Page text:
the -Chicago' 'National- league club.
Sometimes lie - lit' called . "Three Fin
geredlßrown." An accident- In youth
deprived him of a portion of his right
hand."; v It ' did not prevent: him from
learning how to : pitch a curve and how
to^.controrithe ball-well.?
/Because of "his crippled hand those
who-- are .with : . the' under -dog in the
fight % always"! wisfted "Brown luck on
general principles:" . That 'created sen
timent for him. The flrst.thing that
the"; Chicago ' fans knew Brown was
pitching " his club to . the - championship.
That > made \ him *an I idol. He ,was : es
tablished io^i a pedestal; firmly founded
in.the affection of the west side of Chi
cago,:-and his: fame, and his, maimed
\u25a0 hand; are ',• almost, as . much a;' tradition
;of ".Chicagolllterature ; as \u25a0 the ; long rec
ord of .Mathcwson's . victories In New
Michigan's Gritty 'ldol
;.:<\u25a0 Coughlln > is-.the ; ld6l .of the .Detroit
baseball" devotees. - It ia. not because ho
is fa particularly; graceful playeV or, a
wonderfully . accurate player. Cough
lin|has ;the. fine, faculty, in baseball of
never, knowing.^w hen"- he :is ibeaten. ' -_;.
, - He ; may.- make', an*~error , ; one * moment
that; will, give^ the otheriside one run.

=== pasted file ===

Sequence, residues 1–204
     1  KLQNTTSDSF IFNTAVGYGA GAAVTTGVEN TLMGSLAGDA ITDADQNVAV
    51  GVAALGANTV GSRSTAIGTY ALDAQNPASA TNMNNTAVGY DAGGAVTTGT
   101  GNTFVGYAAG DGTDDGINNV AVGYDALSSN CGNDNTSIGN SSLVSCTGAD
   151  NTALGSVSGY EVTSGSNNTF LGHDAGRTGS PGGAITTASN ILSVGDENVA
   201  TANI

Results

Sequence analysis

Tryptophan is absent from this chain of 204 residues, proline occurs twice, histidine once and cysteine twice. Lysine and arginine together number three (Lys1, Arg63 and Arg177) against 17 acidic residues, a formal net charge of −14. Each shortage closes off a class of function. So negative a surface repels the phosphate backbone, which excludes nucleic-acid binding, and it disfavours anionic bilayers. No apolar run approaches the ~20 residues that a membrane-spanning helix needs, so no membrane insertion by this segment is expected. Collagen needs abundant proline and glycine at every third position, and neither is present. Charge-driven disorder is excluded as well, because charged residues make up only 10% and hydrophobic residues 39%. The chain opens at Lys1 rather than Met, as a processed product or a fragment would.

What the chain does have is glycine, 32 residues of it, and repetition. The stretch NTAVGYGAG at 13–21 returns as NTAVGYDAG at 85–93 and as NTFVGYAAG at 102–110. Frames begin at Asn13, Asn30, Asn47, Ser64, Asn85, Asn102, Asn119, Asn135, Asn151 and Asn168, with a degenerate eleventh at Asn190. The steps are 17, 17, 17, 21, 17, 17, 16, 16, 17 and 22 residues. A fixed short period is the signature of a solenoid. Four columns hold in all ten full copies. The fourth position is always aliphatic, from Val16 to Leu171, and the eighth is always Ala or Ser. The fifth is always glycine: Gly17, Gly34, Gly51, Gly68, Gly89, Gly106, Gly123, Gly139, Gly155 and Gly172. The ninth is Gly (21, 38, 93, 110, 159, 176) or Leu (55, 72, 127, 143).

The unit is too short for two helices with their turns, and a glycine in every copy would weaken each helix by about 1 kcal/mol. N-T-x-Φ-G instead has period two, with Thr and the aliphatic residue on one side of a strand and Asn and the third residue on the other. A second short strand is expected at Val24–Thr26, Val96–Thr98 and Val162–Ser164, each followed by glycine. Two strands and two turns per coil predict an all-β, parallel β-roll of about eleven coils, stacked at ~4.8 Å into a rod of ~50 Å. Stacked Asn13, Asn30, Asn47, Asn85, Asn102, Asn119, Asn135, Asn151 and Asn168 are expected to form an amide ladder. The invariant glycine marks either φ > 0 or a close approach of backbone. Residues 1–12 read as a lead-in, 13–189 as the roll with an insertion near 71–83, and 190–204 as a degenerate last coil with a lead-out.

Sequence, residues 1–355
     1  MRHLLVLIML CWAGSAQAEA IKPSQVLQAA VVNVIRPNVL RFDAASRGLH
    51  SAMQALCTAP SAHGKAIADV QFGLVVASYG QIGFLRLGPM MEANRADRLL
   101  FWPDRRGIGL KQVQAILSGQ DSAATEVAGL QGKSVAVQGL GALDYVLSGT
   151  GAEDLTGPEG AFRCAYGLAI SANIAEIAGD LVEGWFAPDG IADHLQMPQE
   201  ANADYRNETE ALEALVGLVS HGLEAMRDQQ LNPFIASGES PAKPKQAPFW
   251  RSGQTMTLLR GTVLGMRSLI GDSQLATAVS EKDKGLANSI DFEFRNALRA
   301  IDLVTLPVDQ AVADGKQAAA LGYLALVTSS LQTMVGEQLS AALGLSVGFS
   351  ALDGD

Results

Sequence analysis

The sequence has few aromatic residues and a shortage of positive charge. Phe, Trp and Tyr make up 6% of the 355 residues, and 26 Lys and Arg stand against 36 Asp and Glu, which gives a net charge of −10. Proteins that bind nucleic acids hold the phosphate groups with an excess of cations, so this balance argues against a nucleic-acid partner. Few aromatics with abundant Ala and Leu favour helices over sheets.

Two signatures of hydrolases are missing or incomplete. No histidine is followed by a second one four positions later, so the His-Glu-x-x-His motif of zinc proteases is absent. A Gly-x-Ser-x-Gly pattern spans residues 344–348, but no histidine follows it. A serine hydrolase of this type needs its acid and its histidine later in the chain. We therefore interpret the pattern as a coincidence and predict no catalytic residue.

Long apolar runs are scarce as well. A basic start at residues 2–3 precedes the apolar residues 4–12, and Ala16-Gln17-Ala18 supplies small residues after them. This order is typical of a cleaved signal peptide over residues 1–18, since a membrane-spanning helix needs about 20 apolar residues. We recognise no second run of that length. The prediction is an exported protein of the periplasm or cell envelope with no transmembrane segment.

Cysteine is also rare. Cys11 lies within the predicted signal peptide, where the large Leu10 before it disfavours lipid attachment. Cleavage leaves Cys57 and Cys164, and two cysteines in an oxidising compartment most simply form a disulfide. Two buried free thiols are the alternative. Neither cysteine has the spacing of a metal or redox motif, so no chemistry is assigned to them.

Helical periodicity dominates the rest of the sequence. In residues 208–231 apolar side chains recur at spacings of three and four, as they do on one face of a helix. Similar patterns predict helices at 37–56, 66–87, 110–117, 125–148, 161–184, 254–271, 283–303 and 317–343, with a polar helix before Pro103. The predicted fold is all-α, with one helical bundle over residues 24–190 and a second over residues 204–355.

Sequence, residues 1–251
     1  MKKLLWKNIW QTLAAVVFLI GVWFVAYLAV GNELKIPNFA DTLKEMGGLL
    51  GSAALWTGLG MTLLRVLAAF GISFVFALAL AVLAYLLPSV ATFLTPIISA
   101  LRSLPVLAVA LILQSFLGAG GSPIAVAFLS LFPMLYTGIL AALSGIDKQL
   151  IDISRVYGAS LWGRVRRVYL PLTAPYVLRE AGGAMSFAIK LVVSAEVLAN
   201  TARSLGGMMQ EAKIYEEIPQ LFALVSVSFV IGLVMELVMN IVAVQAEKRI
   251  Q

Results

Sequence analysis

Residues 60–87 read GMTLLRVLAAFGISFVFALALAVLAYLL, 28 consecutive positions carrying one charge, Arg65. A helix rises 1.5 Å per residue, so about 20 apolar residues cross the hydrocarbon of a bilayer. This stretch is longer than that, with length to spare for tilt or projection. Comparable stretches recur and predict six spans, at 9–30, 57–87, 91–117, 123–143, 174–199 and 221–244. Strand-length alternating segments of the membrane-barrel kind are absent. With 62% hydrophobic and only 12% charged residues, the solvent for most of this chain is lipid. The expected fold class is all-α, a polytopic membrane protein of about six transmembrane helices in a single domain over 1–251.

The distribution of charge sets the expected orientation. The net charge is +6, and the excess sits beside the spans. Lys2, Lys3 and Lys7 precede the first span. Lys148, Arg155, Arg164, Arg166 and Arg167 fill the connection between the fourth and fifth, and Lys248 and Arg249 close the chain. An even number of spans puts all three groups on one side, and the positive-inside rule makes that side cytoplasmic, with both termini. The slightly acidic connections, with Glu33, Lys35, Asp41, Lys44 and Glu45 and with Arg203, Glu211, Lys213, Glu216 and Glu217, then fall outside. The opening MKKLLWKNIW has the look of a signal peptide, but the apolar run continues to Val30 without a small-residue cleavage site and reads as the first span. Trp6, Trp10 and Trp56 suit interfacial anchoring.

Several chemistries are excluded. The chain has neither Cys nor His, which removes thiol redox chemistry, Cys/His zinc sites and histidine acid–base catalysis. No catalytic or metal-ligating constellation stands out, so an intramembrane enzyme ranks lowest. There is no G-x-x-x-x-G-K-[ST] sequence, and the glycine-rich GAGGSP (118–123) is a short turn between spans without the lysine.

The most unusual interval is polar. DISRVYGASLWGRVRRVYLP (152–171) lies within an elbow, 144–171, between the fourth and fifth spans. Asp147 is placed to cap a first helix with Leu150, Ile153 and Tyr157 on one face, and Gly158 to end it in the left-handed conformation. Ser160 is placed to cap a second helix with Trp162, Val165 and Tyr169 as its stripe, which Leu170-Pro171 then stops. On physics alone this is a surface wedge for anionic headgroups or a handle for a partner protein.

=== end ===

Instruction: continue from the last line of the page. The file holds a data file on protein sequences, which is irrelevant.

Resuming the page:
and in the next five minutes 'make a
three bagger that will? bring: In 'three
runs for his side.* That's why 'they like
Coughlln : in Michigan. There are other
players who -have been worshiped by
the '.basebair fans.. of -.Detroit In the
past— do iVou? recall "Charlie". Dennett,
"Lady" 1 Baldwin,- ; VDeacon" White,
"Hardy" ; Ilichardson?— but none* -for
-•whom the "bleacherltes'~,aig in their
toes more, persistently,' than' the swarthy
skinned !;Coughlinl"-' .\- /
St. , liOui3; had an idol .» in 1906 .who
bade "fair, to"? have; a. temple ?crectcd'in
hi s ;': honor ; in .^ 1,907. * and . it was '\u25a0-. solely
because 'h«> could hitTthe'ball.,; Stone
of the Ame ric/an" team is the c hap. Awk
ward of .manner,": clumsy in his position
at>, the . plate, , even r unforceful in his
way "of striking: at . ;the\ball, he man
aged :to \ make ; . more ".basehits ( any
other . man . in the American league and
.theliSt/, Louis; public} enjoyed him^for
.hisrclumslness-t'vXo {matter 'how much
.the l critics J of "other.' cities* might .scoff
at- the Utngracefuls attitude* he. assumed
at C the " plate,/ St." Louis I, people ; would
come hack, with* the. rejoinder,, '•Well,
he hits Uhe, : ball,, 'and that's more* than
the do."* \u25a0' St.; Louis.*,' havingl the
better, of 5 the I argument,* gradually
gan^to^wordbjp* Stone*s "awkwardness^